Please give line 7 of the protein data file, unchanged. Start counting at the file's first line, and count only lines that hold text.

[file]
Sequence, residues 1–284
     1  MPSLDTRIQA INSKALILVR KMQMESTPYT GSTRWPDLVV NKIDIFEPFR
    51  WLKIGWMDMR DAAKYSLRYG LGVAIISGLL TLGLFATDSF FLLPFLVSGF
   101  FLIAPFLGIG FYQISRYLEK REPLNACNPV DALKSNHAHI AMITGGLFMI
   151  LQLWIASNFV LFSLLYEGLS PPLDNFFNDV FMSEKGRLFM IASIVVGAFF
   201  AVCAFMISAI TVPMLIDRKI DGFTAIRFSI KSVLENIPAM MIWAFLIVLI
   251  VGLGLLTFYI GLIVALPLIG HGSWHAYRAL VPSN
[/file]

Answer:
   251  VGLGLLTFYI GLIVALPLIG HGSWHAYRAL VPSN